Oct 6, 2021 - Business
Bentonville stunt plane is like a sports car for the sky
A GameBird 1 stunt plane flies upside down.
Edan Shalev's GameBird 1 flies upside down over NWA during a test flight this year. Photo: Courtesy Edan Shalev via Game Composites.

Cristian Bolton likes to see the world upside down, if only for seconds at a time.

The big picture: Bolton is a test pilot and salesman at Game Composites, maker of aerobatic airplanes, which took off in the U.K. in 2013 and landed in NWA three years later.

  • Now the company is doubling the size of its production facility by the end of the year and expanding its team from about 70 to 150, Bolton says.

Why it matters: Airplane manufacturing is a highly technical industry requiring skilled labor and engineering know-how. The success of one maker could attract others to start up new companies or relocate to the area, creating an innovation hub for aerospace and further driving diversification in our economy.

Details: The company's product, the GameBird 1 (also GB1), is a two-seater that's lightweight yet powerful enough to do stunts in the air.

  • The GB1 has more range than similar planes — up to 1,000 miles. It fills a narrow but unmatched niche for flight enthusiasts who perform acrobatics and also want to fly themselves for weekend jaunts.
  • The plane and its components are made almost entirely in the U.S. and are hand-built from tip to tail in Bentonville.
  • A base GB1 starts at $425,000. Customized paint and electronics are available.

The company’s growth means instead of making one plane a month, Game Composites will soon be able to produce two.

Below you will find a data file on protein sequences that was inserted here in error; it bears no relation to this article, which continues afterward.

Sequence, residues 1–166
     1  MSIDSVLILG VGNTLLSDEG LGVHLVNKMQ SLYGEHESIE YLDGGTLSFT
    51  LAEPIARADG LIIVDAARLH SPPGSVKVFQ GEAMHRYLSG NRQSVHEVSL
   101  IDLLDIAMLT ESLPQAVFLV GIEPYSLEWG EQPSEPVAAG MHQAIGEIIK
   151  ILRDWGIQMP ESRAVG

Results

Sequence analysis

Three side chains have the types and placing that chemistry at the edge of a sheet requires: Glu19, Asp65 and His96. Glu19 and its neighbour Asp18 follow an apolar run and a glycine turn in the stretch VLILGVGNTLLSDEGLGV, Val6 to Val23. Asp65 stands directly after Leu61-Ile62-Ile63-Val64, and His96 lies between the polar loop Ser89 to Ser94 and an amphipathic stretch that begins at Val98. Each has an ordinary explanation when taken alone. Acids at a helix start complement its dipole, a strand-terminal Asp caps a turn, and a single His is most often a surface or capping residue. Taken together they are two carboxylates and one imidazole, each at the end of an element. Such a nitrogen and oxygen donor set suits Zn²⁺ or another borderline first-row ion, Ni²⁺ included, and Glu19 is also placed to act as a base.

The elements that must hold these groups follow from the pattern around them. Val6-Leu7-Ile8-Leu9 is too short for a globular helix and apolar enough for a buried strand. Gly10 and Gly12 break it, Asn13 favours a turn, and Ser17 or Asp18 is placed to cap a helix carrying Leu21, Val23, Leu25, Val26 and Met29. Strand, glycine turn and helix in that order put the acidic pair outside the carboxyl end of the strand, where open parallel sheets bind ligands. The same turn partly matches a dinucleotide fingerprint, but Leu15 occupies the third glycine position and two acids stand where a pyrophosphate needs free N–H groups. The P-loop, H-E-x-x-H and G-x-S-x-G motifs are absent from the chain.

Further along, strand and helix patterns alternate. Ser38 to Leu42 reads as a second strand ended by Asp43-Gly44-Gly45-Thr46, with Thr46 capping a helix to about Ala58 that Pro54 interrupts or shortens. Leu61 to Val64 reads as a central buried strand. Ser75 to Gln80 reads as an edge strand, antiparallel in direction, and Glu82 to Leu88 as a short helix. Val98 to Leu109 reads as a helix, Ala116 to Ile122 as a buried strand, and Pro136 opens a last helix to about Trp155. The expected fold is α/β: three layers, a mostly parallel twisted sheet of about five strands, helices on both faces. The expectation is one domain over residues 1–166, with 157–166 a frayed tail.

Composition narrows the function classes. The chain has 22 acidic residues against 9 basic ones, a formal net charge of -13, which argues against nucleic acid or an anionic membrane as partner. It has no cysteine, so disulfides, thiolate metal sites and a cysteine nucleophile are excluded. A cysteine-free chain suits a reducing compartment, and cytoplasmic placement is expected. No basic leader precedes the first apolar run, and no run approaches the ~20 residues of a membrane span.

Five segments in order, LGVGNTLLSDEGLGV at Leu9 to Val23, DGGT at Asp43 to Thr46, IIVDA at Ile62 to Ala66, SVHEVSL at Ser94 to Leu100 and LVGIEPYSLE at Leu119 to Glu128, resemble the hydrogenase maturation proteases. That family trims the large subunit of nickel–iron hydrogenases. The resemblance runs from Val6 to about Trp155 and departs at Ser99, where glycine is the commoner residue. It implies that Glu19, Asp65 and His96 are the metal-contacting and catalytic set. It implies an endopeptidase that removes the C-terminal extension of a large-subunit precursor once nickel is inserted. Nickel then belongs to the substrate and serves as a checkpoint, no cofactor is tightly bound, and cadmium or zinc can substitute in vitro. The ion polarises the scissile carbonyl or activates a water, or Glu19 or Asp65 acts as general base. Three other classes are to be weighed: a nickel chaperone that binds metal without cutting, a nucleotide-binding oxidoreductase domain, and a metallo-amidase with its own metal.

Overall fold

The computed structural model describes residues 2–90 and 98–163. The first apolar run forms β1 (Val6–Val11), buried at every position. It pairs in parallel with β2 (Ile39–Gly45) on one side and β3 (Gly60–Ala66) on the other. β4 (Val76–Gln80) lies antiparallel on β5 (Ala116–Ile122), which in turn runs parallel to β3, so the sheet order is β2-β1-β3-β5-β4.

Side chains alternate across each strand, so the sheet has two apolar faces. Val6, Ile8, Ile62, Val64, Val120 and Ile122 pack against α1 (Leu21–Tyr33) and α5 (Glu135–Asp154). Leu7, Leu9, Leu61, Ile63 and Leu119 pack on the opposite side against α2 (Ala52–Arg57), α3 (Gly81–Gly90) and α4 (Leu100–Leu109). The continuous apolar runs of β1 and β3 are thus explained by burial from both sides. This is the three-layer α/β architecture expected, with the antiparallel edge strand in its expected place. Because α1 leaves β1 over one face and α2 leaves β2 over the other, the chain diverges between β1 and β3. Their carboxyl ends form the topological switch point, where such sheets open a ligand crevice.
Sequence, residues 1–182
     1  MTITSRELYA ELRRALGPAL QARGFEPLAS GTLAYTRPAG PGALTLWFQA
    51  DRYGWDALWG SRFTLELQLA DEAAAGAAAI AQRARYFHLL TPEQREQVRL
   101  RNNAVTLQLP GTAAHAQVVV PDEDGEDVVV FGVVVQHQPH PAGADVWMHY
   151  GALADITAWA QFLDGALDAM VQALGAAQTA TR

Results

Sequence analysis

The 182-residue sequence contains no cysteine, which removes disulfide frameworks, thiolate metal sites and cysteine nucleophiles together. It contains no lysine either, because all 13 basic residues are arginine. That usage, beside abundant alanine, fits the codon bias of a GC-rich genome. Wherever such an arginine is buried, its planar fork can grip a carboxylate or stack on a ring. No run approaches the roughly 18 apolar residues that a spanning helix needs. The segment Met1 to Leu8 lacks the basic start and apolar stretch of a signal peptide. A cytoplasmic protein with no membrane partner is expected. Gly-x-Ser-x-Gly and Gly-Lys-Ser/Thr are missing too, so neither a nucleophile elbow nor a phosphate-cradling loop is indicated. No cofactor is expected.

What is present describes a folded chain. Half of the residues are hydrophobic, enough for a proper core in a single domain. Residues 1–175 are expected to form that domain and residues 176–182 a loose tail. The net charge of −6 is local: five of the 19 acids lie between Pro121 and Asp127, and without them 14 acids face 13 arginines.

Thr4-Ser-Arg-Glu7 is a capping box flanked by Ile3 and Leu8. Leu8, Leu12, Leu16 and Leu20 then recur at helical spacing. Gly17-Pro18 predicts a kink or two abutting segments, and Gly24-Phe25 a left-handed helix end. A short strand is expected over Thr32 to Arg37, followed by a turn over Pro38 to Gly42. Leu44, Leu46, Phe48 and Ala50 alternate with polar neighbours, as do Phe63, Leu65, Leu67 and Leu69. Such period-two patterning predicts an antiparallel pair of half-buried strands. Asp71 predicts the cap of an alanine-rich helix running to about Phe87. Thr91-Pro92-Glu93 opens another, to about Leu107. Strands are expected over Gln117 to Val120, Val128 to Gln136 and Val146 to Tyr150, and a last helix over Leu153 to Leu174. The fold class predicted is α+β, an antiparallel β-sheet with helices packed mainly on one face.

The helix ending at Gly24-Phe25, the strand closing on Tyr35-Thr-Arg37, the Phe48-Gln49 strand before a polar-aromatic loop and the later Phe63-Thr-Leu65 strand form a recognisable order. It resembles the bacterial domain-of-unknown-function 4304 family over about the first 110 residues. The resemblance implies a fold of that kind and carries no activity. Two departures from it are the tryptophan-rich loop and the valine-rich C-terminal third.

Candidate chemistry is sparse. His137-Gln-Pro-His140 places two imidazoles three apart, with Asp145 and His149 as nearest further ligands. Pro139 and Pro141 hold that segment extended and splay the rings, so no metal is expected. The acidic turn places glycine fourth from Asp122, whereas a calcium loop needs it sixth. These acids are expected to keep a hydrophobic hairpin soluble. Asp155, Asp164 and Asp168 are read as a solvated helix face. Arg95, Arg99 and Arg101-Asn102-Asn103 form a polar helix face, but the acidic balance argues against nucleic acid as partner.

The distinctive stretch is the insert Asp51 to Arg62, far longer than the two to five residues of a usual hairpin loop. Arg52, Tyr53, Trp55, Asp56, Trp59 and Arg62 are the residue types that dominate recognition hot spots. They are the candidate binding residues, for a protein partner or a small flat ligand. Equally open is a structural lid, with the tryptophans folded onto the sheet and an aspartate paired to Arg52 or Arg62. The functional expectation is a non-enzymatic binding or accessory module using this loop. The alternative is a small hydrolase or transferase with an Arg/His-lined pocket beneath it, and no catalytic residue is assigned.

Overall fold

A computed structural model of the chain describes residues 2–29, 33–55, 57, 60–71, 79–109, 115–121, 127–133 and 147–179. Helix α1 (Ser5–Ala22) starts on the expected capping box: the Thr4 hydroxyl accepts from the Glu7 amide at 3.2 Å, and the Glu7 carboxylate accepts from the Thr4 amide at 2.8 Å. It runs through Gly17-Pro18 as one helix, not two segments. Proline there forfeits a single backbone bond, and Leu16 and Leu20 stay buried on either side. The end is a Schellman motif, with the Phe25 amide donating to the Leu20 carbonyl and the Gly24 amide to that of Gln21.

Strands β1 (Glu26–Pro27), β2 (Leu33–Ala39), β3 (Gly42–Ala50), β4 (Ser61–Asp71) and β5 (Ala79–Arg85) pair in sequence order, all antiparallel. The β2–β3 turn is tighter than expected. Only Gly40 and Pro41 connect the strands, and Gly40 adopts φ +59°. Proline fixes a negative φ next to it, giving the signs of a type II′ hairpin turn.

The intrigue: The GB1's fuselage, wings and the trusses that give the wings rigid structure are made entirely of carbon fiber composites. Most aircraft of this type are made of aluminum and have structural trusses that take up precious room.

  • Its top speed is about 270 mph, and it has a cruising speed of about 230 mph.
  • It can hold 81 gallons of fuel, giving it the 1,000-mile range, but is rated to handle only 33 pounds of luggage. The trunk is tiny, so no golf bags.
  • The GB1 is FAA-certified, meaning it meets high criteria for safety and can be used for flight instruction.

It's also certified in Europe, where Bolton says many buyers live. Unlike similar planes, the GB1 has two wings, making it easier to ship and reassemble.

Flashback: The company was founded by ​​Steuart Walton and Philipp Steinbach, who also serves as the chief designer.

  • It relocated to Bentonville in 2016 because airspace above and around NWA isn't crowded, making it great for aerobatics and test flights, Bolton tells Axios.
  • The company has built 35 GB1s so far but plans to complete No. 41 by the end of 2021.

What they're saying: Edan Shalev, chief technical officer for a medical database company, flew aerobatic planes competitively when he was younger. He uses his GB1 to fly between California and Idaho, and to do stunts for fun.

  • He waited about a year for his GB1, traveling to Bentonville three times during the process.
  • The 1,000-mile range, its being made in the U.S. and testimony from a friend who owns four GameBirds were tipping points for Shalev to make the purchase.

Plus, "I feel safer in this plane than in any other plane," he says.

Cristain Bolton, a test pilot, shows of a GameBird 1.
Cristian Bolton, a test pilot, shows off the Oz Trails GameBird 1. Photo: Worth Sparkman/Axios
A worker assembles parts of a GameBird 1 fuselage.
A worker assembles parts of a GameBird 1 fuselage. Photo: Worth Sparkman/Axios
A worker preps part of a plane for painting.
A worker preps part of a plane for painting. Photo: Worth Sparkman/Axios
Cristain Bolton lifts an unfinished tail of a GameBird 1 with minimal effort.
Cristian Bolton lifts an unfinished tail of a GameBird 1 with minimal effort. Photo: Worth Sparkman/Axios
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